We’re super excited to announce the newest iteration of Parsec — Party Finder. The new feature allows you to match with other people using Parsec to play games, hangout, and discover new games with the click of a button. Each party has a chat room, allows you to connect to the person hosting the party, and temporarily gives you permission to play offline multiplayer games together online while the party is live. Only the host needs a copy of the game, but if you enjoy playing it, you should buy it and host your own party next time. One of the exciting things about Party Finder that we’re announcing today is the ability to join party communities dedicated to a specific game or online community on another site. We’re launching Party Finder with three communities dedicated to three fantastic games with the support of their developers — Wizard of Legend, Sausage Sports Club, and Super Clash Bros. We’ll introduce new communities and games over the next couple of weeks. If you’re a game developer or the moderator of an online community that would like to host your own Parsec Parties, join our Discord and reach out to us.
We spoke to a lot of indie game developers and got their feedback about Party Finder and Co-Play before releasing the Party Finder matchmaking system. Our goal with parties is to make it easy for a game developer to introduce a matchmaking system to their community, enable online multiplayer without writing a single line of code, and make it easier to support co-op gaming without having to worry about netcode. We truly believe that this will make it easier on game developers while giving them a path to add value to the people buying their games for PC.
The entire Party Finder system has been revamped. Starting with a focus on games and communities. For instance, you can see that at the top of Party Finder, there’s a dashboard focusing your attention on the communities and games that are being highlighted during our official launch of Party Finder.
Each Community moderator or game developer has the ability to control the presentation of the Community they manage in Parsec.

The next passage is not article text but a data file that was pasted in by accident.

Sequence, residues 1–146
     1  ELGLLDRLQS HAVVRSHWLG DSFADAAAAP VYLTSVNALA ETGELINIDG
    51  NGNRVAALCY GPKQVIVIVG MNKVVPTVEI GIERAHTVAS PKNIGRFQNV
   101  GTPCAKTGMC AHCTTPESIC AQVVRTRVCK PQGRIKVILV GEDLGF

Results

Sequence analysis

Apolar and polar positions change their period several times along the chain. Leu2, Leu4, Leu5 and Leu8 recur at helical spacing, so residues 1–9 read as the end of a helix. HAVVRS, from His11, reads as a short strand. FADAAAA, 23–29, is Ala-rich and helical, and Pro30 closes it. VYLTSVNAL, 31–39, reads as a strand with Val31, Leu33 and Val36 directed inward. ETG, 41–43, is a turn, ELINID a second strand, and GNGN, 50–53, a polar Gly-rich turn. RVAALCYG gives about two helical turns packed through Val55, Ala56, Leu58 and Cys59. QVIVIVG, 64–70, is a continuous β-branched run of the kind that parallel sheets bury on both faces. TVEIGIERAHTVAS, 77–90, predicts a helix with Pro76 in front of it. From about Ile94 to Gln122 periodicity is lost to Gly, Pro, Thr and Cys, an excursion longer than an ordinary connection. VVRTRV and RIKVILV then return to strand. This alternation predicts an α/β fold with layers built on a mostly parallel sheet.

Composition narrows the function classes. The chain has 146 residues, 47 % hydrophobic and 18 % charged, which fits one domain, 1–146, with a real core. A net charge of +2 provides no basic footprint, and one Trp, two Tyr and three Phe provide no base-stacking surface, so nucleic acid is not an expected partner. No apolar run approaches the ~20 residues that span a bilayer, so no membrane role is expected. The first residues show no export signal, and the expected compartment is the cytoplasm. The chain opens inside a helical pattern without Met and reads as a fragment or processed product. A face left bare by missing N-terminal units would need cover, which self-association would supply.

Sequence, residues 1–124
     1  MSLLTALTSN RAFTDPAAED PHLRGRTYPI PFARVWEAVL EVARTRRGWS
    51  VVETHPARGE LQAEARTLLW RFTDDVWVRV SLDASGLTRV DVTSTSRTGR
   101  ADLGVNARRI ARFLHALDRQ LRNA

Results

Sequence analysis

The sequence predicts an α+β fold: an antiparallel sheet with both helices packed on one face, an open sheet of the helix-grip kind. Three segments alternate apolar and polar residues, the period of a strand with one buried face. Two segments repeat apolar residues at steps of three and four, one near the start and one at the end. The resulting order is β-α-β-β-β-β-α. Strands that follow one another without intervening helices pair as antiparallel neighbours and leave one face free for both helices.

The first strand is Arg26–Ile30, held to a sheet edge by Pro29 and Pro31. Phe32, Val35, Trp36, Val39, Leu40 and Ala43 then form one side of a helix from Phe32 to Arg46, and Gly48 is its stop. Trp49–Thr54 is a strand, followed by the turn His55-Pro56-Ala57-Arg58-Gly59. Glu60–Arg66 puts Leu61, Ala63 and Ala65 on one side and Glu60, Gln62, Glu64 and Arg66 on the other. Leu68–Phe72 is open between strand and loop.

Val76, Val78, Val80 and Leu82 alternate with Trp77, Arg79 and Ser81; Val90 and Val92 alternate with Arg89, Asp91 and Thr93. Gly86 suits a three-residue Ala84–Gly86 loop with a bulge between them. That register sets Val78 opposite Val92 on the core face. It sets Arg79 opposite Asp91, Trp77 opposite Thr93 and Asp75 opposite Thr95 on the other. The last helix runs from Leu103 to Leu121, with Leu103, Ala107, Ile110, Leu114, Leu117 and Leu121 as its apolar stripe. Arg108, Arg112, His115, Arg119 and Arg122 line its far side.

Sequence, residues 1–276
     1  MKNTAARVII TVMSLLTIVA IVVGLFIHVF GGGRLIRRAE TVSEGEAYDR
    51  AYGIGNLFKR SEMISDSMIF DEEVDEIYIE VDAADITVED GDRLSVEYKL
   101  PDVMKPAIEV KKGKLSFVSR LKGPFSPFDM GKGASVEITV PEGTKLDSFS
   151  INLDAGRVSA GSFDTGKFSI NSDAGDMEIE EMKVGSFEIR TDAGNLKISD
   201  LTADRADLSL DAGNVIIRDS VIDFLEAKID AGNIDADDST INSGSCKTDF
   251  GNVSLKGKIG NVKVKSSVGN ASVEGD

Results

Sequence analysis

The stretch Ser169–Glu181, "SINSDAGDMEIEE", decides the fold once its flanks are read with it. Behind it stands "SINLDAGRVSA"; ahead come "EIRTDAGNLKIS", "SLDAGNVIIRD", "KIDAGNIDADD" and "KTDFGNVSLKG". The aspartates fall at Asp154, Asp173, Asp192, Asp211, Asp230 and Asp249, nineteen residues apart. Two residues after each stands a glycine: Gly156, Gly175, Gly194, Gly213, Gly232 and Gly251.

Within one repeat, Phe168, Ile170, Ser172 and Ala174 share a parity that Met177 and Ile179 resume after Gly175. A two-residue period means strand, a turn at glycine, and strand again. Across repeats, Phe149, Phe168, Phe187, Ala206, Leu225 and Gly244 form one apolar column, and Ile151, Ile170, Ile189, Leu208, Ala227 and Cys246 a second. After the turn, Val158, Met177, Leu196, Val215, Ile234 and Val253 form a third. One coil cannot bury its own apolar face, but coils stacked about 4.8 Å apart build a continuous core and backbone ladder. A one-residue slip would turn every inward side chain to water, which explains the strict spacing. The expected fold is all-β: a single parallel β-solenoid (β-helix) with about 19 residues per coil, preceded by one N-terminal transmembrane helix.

Here’s a preview of the Party Finder Community For Wizard Of Legend.
Creating a Party can either be public or private with a quick link to share with friends. The party can be associated with a specific Community or open to the general public to find via regional search on the main page of Party Finder.
We’ve added location filtering based on your IP and region to optimize your experience and encourage low ping connections to reduce lag. You can continue connecting to parties outside of your region, but this filter based on your IP helps you avoid high ping parties. We were thinking about locking people to their region, but we’ve heard from a lot of people using Parsec that the streaming quality and latency is typically good enough to play games between the US and Europe as well as from the East Coast to the West Coast of the US, so you can keep doing that if you want. We certainly don’t want to stop you from using Parsec across an ocean — it’s also pretty fun to tell people that the streaming quality is good enough for that!
After Chris came up with the idea for Parsec, it took almost a year of dedicated, persistent engineering to build our low latency streaming technology. Even then, we still hadn’t built a significant amount of the technology that Parsec now relies on, such as our low latency video streaming networking protocol and NAT traversal techniques that have a 97% success rate on peer-to-peer connections. When the earliest version of Parsec was finally ready to test, Chris invited his sister Jamie to join him and watch him play some WoW. They immediately recognized that Parsec wasn’t just for connecting to your own gaming PC or a gaming PC in the cloud, but could become a social experience, opening an entirely new world of opportunities for gaming while returning to the experience of playing games together on the couch.